Q:  What are the different types of paper you offer and how are they different?

A:  Here is a list of the different paper types that DCL Media & Print is commonly carrying, but please check the product pages for specific details regarding which paper types are available for each product. 

  • Coated papers (C1S, C2S), Uncoated, Bond, Text, Book, Cover, Index, other?
  • Coated:  Used when high quality printing is desired due to greater surface smoothness and uniform ink receptivity. 
  • Uncoated:  No coating on the paper, not a smooth as a coated paper; allows for handwritten pen and ink notes
  • Bond:  Used for letters, letterhead, and business forms.  Typical weights are 16 lb. for forms, 20 lb. for copying, and 24 lb. for stationery
  • Text:  Noted for texture and attractive colors; frequently used for announcements, booklets, and brochures.  Weights range from 60 lb. to 100 lb.
  • Book:  Used for trade, textbooks, and general printing; less expensive than Text papers; has a wider range of weights than text papers.  Common weights are 50 lb. to 70 lb.
  • Cover:  Complements coated and text papers in heavier weights; for use on covers on booklets etc.   Cover weights typically come in 60 lb., 65 lb., 80 lb., or 100 lb.
  • Index:  two excellent characteristics, stiffness and writing ink receptivity; commonly used when stiff, inexpensive paper is required


Q:  In paper, what is a “point”?

A:  A point is the thickness of the paper, i.e.  16-point paper is .016” thick.  Thickness is often referred to as caliper and is measured in thousandths of an inch or mils. 


Q:  In paper, what does weight mean?

A:  Basis weight identifies printing papers.  In the USA, it is the weight in pounds (lbs.) of a ream (500 sheets) in the basic size of a given grade of paper.  Note, the basic size is not the same for all grades of paper.  Take for example bond paper used in copy machines.  A ream of bond paper is 500 sheets measuring 17” x 22”.  This paper is commonly known by its ream weight…20 lbs. and is easily cut into 8.5” x 11” sheets.


Q:  What are your acceptable File Formats for printing?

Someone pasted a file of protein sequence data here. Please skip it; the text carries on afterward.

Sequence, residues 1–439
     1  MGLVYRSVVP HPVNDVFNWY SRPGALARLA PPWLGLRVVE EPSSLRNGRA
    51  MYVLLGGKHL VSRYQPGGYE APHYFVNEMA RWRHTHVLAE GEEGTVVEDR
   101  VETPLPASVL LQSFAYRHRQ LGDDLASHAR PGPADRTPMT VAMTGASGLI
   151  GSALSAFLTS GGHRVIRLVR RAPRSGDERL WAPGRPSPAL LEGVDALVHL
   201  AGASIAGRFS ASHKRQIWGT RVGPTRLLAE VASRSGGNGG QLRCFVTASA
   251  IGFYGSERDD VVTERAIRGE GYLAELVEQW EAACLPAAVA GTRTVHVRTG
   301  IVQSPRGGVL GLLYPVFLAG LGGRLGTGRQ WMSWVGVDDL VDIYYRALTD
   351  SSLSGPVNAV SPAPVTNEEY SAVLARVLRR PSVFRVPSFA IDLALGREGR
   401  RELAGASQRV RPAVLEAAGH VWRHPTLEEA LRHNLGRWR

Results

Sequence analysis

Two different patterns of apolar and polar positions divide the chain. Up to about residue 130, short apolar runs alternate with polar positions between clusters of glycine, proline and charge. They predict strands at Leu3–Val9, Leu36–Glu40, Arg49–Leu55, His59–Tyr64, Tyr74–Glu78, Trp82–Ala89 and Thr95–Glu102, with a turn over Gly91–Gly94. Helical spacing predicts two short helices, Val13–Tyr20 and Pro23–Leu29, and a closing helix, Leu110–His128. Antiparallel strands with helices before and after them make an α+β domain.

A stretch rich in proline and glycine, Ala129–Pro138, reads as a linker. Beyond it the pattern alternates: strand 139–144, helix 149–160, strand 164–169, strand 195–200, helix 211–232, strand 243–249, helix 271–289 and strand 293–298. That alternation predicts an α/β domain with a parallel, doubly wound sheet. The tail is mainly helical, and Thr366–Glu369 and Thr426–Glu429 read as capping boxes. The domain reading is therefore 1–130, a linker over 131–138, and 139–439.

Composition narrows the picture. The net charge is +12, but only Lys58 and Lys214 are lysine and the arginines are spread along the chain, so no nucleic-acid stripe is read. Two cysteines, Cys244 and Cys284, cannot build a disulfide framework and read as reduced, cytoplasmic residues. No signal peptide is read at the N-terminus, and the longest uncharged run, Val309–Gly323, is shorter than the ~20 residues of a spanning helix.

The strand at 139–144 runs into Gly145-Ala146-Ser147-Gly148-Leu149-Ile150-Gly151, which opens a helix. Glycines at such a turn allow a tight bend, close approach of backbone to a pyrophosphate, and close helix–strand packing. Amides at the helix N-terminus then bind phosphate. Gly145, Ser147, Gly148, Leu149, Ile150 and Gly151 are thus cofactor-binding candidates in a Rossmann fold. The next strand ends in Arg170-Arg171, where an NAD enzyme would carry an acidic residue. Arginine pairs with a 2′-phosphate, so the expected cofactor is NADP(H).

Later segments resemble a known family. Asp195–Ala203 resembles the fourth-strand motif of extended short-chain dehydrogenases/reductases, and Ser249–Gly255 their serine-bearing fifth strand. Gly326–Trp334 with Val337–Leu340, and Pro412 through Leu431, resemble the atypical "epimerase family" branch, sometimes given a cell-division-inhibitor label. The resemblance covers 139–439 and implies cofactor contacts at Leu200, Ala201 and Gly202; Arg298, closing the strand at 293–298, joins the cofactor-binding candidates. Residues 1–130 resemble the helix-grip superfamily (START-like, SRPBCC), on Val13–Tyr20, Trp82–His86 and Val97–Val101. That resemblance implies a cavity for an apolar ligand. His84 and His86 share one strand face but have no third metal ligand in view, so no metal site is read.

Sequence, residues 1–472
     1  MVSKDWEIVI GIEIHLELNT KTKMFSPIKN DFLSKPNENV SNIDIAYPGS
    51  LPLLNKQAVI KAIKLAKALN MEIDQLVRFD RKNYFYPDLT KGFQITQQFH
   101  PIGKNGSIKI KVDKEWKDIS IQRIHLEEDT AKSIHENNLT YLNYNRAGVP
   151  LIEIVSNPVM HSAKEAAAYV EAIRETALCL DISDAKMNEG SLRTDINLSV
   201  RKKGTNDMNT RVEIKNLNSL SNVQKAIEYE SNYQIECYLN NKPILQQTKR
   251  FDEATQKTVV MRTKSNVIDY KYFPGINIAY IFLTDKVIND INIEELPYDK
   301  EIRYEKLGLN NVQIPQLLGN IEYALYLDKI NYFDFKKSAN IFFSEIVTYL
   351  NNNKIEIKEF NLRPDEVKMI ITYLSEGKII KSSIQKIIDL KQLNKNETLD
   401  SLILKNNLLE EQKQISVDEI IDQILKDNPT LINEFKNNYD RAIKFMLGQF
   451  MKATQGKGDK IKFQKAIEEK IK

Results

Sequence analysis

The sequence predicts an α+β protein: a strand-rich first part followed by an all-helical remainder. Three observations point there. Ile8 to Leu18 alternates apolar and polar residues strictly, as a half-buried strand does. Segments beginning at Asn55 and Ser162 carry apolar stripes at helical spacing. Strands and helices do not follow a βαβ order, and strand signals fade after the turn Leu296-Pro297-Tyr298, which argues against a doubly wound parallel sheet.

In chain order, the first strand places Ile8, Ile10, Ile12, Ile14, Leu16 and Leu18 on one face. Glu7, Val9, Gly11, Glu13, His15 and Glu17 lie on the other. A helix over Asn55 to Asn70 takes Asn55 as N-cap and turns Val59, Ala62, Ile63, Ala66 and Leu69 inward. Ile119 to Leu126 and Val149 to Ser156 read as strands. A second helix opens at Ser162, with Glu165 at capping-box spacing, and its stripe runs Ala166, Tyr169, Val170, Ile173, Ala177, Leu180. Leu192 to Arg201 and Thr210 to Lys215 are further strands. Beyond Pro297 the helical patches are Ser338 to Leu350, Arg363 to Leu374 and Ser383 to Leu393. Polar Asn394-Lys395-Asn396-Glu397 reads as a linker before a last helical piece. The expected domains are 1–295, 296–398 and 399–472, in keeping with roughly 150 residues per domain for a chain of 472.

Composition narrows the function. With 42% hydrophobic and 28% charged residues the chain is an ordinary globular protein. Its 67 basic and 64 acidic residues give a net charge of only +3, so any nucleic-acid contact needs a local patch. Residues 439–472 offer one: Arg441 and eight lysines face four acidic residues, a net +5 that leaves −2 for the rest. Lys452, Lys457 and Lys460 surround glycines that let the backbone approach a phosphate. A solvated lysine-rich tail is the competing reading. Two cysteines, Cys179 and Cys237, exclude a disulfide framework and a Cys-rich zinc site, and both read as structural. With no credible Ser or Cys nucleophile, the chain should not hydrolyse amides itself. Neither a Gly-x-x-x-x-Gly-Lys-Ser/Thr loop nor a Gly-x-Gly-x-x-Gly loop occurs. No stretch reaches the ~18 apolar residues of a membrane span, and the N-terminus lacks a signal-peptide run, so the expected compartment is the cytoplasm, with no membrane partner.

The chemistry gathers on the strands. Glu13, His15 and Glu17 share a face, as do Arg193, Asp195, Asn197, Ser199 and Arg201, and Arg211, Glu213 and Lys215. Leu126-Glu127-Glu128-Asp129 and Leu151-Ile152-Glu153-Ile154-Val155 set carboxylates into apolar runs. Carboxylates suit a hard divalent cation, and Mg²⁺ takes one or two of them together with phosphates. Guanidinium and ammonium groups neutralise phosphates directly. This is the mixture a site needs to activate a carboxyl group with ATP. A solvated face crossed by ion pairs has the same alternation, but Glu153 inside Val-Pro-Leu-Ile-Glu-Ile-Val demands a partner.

A:  DCL Media & Print prefers a Print Ready PDF file.

These formats are also acceptable

      Adobe Acrobat Document (.pdf)

      Adobe Illustrator (.ai)

      Adobe Photoshop Image (.psd)

      Encapsulated PostScript (EPS)


Q:  What is a Full Bleed?

A:  Full Bleed in printing means printing edge to edge on the printed piece.  Full Bleed printing typically requires a minimum of 1/8” color on all sides of the artwork to ensure accurate cutting.  We recommended that you include bleeds in print ready files unless your image has a white border on all four sides.


Q:  What is Resolution and what Resolution should my files be?

A:  Resolution is a measure of the number of dots that a device can put in one square inch of page space.  It refers to the sharpness and detail of images.  Higher resolution means more image detail.  Lower resolution means less image detail.  Files submitted should be at least 300 DPI (dots per inch).  Less than 300 DPI might make an image look pixelated.  Greater then 300 DPI will generally make a file larger but not make it look much better.  For reference, pixels are the individual elements that make up a digital file.


Q:  How do I upload files?

A:  In the cost calculator, you will see the options for file upload under 20 MB.  For files larger than 20 MB, please use the Dropbox link found in the cost calculator in the File Upload section. 


Q:  What is a “Proof”?

A:  A Proof can be either a digital (PDF file) or hard copy version of your print file and is typically used before going to press.  The proof is reviewed for such things as;

  • Dimensions and colors of your artwork
  • Bleeds
  • Low resolution images
  • Fonts (size and style)
  • Whether fonts are properly embedded
  • Borders (too close to the edge and may get cut off in finishing)
  • Color conversions from Pantone or RGB to CMYK (if full color)
  • Check for line width
  • Remove embedded ICC Profiles
  • Mock-up samples if the job requires folding


Q:  What else is a proof used for?

A:  To check for other issues or errors that can be corrected before going to press, such as:

  • Position – is the text in the correct position.  Are the images place correctly
  • Placement – this is important, especially for images that may be close to the edge of the sheet